Tuesday, January 24, 2012

The never-ending dilemma: Easy VS Right

If you're a software engineer, countless times you have been in situations where you had to choose between the easy way and the right way to solve a given problem. 

Every experienced hacker knows that the right(eous) way will probably spare you some trouble in the long run (and probably will help you sleep at night too), but the same experienced engineer is also familiar with the reality of facts: sometimes there's just no time for best practices.

As a personal code of conduct, I think it is OK to choose the easy way (often referred to as a HACK) if the following is true:
  1. You are aware you are doing a horrible thing, and it makes you sick
  2. Environmental constraints (such as a guy coming at your desk every 5 minutes to check if it's done) make the HACK the only affordable/reasonable solution.
  3. You are aware that the given piece of crap code will most likely never be changed (we'll change it later = we'll forget everything about it around 6)
  4. You can live with the fact that people looking at the horror will know you are responsible and talk shit about you when you leave (you can try to sweeten the pill with comments on how bad it is, but that just makes it worse)

In conclusion, as an engineer you are often called to compromise, and this is perfectly normal. I will add that this happens most of the times unless you are very lucky, and arguably as an engineer you'll be judged  based on the goodness of the compromises you make.

Unfortunately, all of the above doesn't help with sleeping at night.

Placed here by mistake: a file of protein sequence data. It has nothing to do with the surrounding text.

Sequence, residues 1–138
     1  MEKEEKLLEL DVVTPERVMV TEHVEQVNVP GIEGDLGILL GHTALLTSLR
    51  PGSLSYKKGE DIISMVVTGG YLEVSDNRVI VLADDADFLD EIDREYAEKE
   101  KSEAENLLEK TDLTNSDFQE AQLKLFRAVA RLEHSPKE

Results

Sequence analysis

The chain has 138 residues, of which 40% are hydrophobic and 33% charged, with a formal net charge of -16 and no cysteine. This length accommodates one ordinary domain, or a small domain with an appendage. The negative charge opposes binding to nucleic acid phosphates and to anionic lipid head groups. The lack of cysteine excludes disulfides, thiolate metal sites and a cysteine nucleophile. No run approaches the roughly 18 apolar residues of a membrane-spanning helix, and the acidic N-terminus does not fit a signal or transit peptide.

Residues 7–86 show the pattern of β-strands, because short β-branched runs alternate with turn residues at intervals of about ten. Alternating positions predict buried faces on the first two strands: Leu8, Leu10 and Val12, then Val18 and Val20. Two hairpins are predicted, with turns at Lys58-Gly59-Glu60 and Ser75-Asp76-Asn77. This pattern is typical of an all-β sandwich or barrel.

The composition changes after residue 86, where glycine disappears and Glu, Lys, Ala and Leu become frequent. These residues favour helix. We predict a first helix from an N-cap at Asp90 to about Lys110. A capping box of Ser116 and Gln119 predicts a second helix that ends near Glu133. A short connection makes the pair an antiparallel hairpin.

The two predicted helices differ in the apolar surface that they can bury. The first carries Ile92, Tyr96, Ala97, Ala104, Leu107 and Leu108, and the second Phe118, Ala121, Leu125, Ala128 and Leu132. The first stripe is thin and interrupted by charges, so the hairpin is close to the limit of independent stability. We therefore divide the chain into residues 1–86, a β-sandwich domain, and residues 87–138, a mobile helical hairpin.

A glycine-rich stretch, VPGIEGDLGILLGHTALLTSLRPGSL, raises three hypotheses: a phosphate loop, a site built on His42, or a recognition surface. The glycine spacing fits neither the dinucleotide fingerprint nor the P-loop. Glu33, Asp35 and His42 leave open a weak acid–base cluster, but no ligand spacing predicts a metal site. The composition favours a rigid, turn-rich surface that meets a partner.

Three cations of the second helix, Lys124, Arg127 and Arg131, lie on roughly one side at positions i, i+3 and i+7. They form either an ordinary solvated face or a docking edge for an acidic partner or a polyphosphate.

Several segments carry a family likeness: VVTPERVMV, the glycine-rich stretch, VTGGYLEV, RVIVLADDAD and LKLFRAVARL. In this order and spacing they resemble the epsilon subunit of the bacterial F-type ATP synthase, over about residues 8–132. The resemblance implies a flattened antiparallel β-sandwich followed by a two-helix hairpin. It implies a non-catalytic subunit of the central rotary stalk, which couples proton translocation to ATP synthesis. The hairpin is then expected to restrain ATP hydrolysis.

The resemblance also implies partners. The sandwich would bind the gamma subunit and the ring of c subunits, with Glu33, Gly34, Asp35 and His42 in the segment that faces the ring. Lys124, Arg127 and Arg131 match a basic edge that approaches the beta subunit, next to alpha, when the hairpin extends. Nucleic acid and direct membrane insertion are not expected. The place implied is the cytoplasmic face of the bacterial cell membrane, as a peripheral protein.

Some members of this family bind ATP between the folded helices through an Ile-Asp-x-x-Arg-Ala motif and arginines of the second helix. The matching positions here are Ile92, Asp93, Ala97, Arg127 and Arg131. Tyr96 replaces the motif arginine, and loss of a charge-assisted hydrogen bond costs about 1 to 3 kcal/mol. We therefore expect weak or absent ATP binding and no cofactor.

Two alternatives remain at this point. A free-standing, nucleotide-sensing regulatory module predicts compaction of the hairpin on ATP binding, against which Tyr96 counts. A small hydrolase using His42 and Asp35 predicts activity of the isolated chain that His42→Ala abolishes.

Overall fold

7 comments:

Brendan Lawlor said...

I like the idea of judging an engineer on the quality of his compromises.

When you build something real, you are always approximating mathematical perfection. Getting your hands dirty means exactly that.

IanQuigley said...

I think a really skilled engineer would make a hack look elegant. When you give in to time constraint and hack don't throw all the best practices out the window. Single responsiblity. Small classes. Small methods. Use constantants. Make it clear its mocked data or hardcoded list which should come from the DB.

Johnny Idol said...

@Ian I do not disagree with any of that ;)

PM Hut said...

Most programmers, especially when working on a project, choose the fast way to do things vs the right way. It's not because they want to, it's because their project manager wants them to.

The problem here is that the project needs to be done as soon as possible - and compromising quality is one of the games that project managers play in order to finish the project on time. Of course, there is payback time for this strategy...

InterIntelligence said...

I think it has a lot to do with Management - if those on top don't care, why should anyone else? I insist my team do it right because it always turns out to be better in the long run. I can take the heat and deflect the brow beatings from upper management - that's what a good manager does.

At the same time, a good manager is deeply involved and makes the team think of all possible methods before making that decision of delay in order to do it right; i.e. it's very easy to argue delays and why you are doing something in a particular way when you have good, sound reasons. I never had a problem with this and I've been on the hot seat many times.

Johnny Idol said...

Thanks for your point of view Tim, insightful as usual :)

Johnny Idol said...

In general it comes a point where some decisions fall onto senior engineers and managers are unaware of the implementations details (or then again, sometimes you are your own manager!). Often you can get away with easy ways of doing things and no one will ever notice until there's a problem down the road. The only thing that keeps you straight is a sort of moral compass that, at least for me, is summarized by those questions I list in the post :)